Alexandra Mary

Earlier this week, I was at the launch of a book by Aileen O’Carroll and Don Bennett on Dublin’s dockers. Their work culture, community history and geographies are now hidden from most who live in the city. Much of that poetry and prose is lost in the labour-denying use of the word ‘infrastructure’, as if people are no longer a factor in mobility; as if the objects and commodities we use are bereft of human agency. Aileen’s work, and Don’s before he died a few years ago, does this place and time justice.  The launch was in the Dublin Port company headquarters.

A few years ago, I photographed many of Dublin’s streetside Marian grottos and statues for my Ph.D. research. One of the crucial aspects of their location was their connection with workplaces. The old Irish Independent offices had a Marian statue as many of the Dublin Bus garages still do, notably the Ringsend depot. The picture above is from March 2011 and represents a typical streetside grotto. Mary, as stella maris, is dressed in blue, looking down on the earth she stands atop and, as is usual, crushing the edenic symbol of sin beneath her foot, a snake. On Tuesday evening, before the launch, I noticed that the statue has been removed as part of a general regeneration of this entire corner. The Dublin Port Company are making a feature entrance here involving shapely iron gates and lighting. There is no mention of the statue’s removal in the planning application.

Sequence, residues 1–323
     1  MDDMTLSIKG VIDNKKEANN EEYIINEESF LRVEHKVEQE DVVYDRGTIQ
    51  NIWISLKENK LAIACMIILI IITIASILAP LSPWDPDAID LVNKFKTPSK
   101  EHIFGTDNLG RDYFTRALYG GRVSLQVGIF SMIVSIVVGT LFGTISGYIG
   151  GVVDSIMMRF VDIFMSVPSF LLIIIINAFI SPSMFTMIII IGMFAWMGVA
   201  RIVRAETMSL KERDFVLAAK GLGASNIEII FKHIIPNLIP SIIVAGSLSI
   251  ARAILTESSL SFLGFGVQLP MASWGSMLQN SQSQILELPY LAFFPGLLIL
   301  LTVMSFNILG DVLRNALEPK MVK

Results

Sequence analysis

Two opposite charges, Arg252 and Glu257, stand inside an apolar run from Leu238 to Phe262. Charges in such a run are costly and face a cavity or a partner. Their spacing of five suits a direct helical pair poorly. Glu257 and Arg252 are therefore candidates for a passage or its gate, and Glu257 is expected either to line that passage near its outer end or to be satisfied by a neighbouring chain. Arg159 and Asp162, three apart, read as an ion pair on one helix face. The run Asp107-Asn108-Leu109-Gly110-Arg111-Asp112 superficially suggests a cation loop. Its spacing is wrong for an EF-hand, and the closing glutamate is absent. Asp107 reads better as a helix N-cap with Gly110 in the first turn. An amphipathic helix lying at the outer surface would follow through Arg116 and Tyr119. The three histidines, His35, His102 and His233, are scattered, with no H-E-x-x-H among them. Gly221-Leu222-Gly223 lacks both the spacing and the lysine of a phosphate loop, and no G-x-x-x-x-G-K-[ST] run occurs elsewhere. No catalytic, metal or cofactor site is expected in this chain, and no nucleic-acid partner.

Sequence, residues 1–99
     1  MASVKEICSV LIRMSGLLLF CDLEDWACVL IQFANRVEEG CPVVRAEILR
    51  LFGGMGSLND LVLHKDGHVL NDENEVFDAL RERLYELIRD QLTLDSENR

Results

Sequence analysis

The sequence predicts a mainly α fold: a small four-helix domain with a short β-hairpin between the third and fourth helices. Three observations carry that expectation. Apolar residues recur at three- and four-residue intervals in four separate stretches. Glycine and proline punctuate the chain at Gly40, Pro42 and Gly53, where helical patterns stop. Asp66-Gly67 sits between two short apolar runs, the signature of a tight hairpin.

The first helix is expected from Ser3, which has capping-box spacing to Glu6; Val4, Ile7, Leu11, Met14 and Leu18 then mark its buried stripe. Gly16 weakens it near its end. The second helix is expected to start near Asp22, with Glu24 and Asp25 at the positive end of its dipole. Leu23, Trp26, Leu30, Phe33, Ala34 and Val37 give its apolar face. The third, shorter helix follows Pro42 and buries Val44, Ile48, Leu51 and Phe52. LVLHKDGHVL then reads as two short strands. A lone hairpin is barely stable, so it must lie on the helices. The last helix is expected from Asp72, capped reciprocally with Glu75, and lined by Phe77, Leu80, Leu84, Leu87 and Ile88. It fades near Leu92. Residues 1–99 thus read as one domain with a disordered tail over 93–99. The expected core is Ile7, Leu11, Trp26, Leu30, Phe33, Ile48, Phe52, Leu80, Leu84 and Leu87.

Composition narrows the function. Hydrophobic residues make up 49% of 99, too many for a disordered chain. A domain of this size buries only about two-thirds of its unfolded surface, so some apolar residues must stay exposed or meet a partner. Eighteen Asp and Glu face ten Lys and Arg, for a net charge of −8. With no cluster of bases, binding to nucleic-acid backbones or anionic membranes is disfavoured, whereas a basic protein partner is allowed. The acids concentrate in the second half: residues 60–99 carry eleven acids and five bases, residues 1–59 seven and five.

This statue is one of the few that has not been replaced after redevlopment of a site. The site works are not yet finished of course. Across Dublin, Marian and other Christian statuary has been replaced following renovation and rebuilding. The two best examples are probably at the new taxi rank at Cathal Brugha street after the Luas works and at the Timberyard housing complex in Dublin 8. In both of these cases, there was no explicit mention of the replacement of the statue as being integral to the planning conditions but they were placed back there anyway.

I am not mourning for the Alexandra Mary’s removal. It was not even a particularly pretty example of streetside Marian statuary. I am sure that a small number of HGV drivers paid attention to it and maybe some made an affective connection with the star of the sea. It marks the end of a public expression of religious faith and devotion, as evident from its maintenance until now. This small place has been folded into broader relations of the flow of capital; recomposed into a vision for the city where use is more than function but always less than beautiful.

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